Democratic values under threat
MAY 1 — I congratulate Barisan Nasional (BN) on winning the Hulu Selangor by-election last week. They mounted the greatest by-election campaign that money could possibly buy, and it appears that money for them did grow on trees. It was no object.
There is no disputing the fact that my favourite candidate, Zaid Ibrahim, lost the contest by 1725 votes.
The people exercised their right to choose the man to represent them in the Dewan Rakyat. That was what they wanted, and good luck to them. They deserve each other. But a question that simply refused to go away, as I watched the campaign unfolding before my eyes, was how much of the Barisan Nasional victory reflected a genuine return of confidence in the BN government, and how much of it had to do with the financial inducements and promises of more goodies where they came from.
Money was scattered with manic abandon like so much confetti at a society wedding? I must confess in all seriousness and fairness that BN had superb organisation where it mattered — on the ground. Their election machinery also enjoyed the great advantage of being lubricated with the best engine oil that money could buy — money itself.
Zaid gave an extremely good account of himself and there was certainly no shame in losing in an unequal contest. The whole apparatus of the Federal Government was ranged against him in Hulu Selangor.
Zaid lost the by-election in circumstances that were a damning indictment of Malaysian society’s declining ethical standards. BN leaders were obviously in no mood to allow the little niggling ethical or moral niceties to stand in the way of their larger design for Selangor.
After many by-election reverses, they finally found a rich harvest, no pun intended, in the Felda oil palm schemes. Years ago, the settlers were persuaded by the BN administration of Selangor to part with their land in a multi-million ringgit development scheme that went sour.
The land owners lost their land and the shirts on their backs. It was a typical greed-driven BN so called ‘fail safe’ get rich quick venture that incompetence, avarice and corruption all conspired to wreck even before the first brick was laid.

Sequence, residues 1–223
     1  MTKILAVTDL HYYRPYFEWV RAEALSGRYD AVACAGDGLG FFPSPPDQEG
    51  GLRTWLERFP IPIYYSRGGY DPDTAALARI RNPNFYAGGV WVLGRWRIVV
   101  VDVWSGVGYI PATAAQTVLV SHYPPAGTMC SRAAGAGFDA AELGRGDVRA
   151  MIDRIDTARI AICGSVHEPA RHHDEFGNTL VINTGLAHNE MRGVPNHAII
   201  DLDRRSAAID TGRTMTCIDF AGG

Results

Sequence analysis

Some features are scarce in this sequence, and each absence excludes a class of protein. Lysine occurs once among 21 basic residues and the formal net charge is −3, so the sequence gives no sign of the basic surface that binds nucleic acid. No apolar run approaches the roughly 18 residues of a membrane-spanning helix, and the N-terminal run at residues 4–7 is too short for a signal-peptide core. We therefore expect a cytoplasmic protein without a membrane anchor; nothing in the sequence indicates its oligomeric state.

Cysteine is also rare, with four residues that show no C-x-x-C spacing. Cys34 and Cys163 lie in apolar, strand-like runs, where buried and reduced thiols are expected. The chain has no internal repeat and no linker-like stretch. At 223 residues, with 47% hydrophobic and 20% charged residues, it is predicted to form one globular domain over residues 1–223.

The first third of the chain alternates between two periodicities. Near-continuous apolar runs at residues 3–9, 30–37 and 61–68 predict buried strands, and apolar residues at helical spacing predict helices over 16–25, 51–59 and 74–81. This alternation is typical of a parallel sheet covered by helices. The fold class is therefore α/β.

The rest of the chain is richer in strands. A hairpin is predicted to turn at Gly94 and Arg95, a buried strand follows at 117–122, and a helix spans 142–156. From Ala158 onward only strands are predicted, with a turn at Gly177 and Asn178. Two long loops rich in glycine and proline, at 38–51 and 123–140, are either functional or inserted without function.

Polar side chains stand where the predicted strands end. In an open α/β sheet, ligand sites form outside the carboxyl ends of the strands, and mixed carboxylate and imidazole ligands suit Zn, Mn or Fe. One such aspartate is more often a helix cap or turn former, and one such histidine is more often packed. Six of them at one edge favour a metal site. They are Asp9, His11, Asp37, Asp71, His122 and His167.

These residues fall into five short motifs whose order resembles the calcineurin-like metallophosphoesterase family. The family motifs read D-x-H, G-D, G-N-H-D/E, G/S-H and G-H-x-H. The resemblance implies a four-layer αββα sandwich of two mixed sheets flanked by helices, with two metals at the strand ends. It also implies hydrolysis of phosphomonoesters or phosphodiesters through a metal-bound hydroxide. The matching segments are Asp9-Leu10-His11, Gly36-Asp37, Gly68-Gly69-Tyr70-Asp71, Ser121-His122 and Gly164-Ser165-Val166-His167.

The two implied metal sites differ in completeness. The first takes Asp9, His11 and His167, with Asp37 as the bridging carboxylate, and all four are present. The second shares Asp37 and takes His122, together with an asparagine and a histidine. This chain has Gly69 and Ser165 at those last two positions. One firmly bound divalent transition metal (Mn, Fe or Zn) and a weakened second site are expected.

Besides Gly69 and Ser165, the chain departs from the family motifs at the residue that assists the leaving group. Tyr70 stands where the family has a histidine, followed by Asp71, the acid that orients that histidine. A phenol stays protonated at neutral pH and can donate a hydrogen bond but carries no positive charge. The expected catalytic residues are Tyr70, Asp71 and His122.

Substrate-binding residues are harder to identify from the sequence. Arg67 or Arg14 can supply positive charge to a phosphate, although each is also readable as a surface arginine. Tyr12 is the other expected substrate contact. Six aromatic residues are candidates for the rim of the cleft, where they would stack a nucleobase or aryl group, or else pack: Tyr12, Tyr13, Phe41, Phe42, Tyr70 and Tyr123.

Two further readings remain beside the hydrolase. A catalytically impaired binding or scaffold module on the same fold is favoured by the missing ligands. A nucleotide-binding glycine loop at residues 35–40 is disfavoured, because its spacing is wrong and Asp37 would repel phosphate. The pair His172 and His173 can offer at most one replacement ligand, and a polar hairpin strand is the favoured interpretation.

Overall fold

These settlers who had waited for their money for the last fifteen years, thirteen of which under successive BN state governments, quivered with excitement when they were told openly that there would be an initial small down payment with the rest on the way if BN won the Hulu Selangor seat.
I wonder what the Election Commission and the Malaysian Anti-Corruption Commission chiefs thought about all this business of cash for votes, but I expect they have already decided, in a show of ‘independence’ that they say they are, that it is probably not worth making an issue over such an entrenched Umno cultural norm. Please do not take my word for it, but Umno does not deny that it has problems with money politics. Hulu Selangor is but an extension of that culture. In spite of claims to the contrary by the government, Malaysia is not an open, democratic nation.
That is precisely why the election authorities did not see fit to step in smartly and disqualify the bribe giver and declare Zaid Ibrahim the winner. Evidence of serious breaches of both the elections as well as anti-corruption acts is clear for all to see. I reminded of a saying which goes something like this. “There are none so blind as those who will not see.” The person who coined this could well have been thinking of our EC and the MACC.
An electoral victory it might have been for BN, but to me it is a victory as hollow as it is immoral. If this is an example of BN’s cavalier approach to ethical issues, then we are being short changed on 1 Malaysia. It will remain a mere slogan without strong moral and ethical underpinnings. The financial seduction of voters is a criminal offence, and for Najib to claim that he was not bribing the voters but merely solving their problems is disingenuous, but as I have pointed out on another occasion, Najib does not disappoint us in his ability to perfect the art of the possible. To him, the means justify the end.
The government has admitted to spending millions on a makeover of its image overseas, but it is money down the drain if it persists in behaviour which is patently at odds with international best practice. In this case Mr. Prime Minister, you really have to lead by example or give up 1 Malaysia as a lost cause.
* The views expressed here are the personal opinion of the columnist.